A place to propose marriage. If she (or he) refuses here, dump them and find someone else.
I’m not going to say that this is my favourite hotel in Nice; that would be offensive to all the others. And I’m not absolutely sure, anyway. I am going to say, however, that it’s a jolly hot contender.
Where to start? The location, of course. It’s the site I would buy if I were Bill Gates and planning a move into the French hotel trade. At the far eastern end of the Promenade des Anglais (which has by then gone through a name change or two), La Pérouse is built along and up the headland which leads to the port. Though only five minutes from the Old Town, the place seems to be withdrawn, in a private stretch of Provence. The rocks and trees which form the backdrop help, of course.
These surroundings exhilarate. The views - west to the city centre, the Prom and the Bay of Angels; south to the unsullied Med - are outstanding. But it’s not just about seeing. The light, the colour, the sounds and aromas constitute a sensual assault, filling the whole person.
I don’t want to get carried away here - but if you need reminding that life holds more than nine-to-five and Britain’s Got Talent, then Nice and the Côte-d’Azur are well-qualified to help. Clearly, you can stay anywhere and get this insight. It’s just that La Pérouse is particularly well-placed to deliver it on a round-the-clock basis.
Sharply-suited young ladies
And the hotel handles its favoured position with considerable aplomb. From the smart little reception area, it’s clear that the hotel has the formality of a four-star (sharply-suited young ladies, guys to park your car) without attendant stiffness. Folk smile and, on occasion, laugh. There is a strong suggestion that things run efficiently, so relaxation is possible.
Beyond reception … well, frankly I haven’t even yet grasped the exact geography of the place. Corridors and stairs curve hither and yon, back towards the rock-face then, apparently, up it. Lifts ease the tension of getting completely lost, before pitching you out towards rooms which are really worth finding.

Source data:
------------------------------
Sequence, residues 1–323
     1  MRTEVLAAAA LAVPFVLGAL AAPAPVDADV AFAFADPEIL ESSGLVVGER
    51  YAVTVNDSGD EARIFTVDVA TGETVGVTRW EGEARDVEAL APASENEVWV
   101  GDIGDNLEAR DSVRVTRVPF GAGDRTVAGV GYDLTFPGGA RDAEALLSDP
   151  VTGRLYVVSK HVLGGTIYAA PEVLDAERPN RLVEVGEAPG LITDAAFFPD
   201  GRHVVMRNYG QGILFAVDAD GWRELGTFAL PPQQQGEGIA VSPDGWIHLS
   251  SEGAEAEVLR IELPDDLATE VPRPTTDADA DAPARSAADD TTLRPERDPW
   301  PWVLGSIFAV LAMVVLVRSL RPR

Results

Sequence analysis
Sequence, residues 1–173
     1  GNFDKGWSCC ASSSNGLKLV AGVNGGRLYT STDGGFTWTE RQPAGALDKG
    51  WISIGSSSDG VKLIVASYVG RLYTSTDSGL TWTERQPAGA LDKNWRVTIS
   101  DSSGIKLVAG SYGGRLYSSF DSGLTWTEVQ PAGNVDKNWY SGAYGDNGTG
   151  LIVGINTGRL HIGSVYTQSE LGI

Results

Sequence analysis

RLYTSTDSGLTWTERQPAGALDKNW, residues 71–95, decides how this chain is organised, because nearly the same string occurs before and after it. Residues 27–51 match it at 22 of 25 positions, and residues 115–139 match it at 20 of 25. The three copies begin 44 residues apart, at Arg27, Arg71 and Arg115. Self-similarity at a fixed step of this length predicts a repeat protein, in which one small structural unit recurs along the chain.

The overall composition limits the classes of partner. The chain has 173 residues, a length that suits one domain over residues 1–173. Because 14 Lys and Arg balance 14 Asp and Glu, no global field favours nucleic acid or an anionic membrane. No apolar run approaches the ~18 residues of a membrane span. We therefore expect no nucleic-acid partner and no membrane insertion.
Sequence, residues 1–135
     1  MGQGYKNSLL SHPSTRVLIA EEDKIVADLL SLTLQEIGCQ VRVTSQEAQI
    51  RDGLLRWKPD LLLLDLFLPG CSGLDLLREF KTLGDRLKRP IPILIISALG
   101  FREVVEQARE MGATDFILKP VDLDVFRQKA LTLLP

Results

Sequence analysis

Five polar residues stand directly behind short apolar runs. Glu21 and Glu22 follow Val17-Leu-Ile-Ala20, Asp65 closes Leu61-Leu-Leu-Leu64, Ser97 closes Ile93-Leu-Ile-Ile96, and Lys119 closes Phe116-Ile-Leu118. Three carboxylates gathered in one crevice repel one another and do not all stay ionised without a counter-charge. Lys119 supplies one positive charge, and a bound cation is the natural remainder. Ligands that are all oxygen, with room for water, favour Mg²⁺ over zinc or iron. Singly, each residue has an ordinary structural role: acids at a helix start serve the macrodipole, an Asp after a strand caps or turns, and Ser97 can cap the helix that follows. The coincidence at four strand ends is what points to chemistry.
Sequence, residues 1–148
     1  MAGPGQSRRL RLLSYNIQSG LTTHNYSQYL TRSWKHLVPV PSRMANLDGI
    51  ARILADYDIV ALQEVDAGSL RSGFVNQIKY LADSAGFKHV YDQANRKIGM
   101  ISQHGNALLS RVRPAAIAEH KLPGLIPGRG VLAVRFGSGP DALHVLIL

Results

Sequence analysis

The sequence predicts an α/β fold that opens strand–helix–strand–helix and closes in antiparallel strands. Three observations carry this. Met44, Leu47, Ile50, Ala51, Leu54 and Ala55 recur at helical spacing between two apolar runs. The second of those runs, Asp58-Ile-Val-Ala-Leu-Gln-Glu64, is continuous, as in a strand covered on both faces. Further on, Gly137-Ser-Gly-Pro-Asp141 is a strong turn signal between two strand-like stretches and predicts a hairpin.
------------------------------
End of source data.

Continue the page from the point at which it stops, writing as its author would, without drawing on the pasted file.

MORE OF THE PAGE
There are some 60 of them. Six await renovation. I’d ask for one of the others, for they’re smashing. The style is sophisticated Mediterranean, with lots of light and space and just the right combination of colours - greys, blacks, creams, reds - to make the most of it.
King of the world
Décor and furnishing differ from room to room. Some have lovely shag-pile carpeting which I’ve rarely seen in a hotel. There’s a contemporary chaise-longue here, Italian marble there and the satisfying feel of money tastefully-spent everywhere. Bedding, drapes and art on the wall are top class. Most rooms have balconies, and the higher up you book, the better the view.
The best suite of all has a terrace roughly the size of Luxembourg. You may stand on it, survey city and sea and know for certain, if only for a moment, that you are king of the world.
An alluring terrace
Then you might look directly down and see the hotel’s real gem - a quite unsuspected terrace overcome with Mediterranean trees and plants. At one end is the pool and sunning area. At the other, tables and chairs constitute Le Patio bar and restaurant. This is alluring during the day and bewitching by night when, low-lit, it appears to be your own, private Provençal village square. In the circumstances, around 40 euros doesn’t seem grotesquely excessive for a full meal.
People often talk loosely about ‘the magic of the Côte-d’Azur’. The La Pérouse is a good place to discover that it’s not entire nonsense.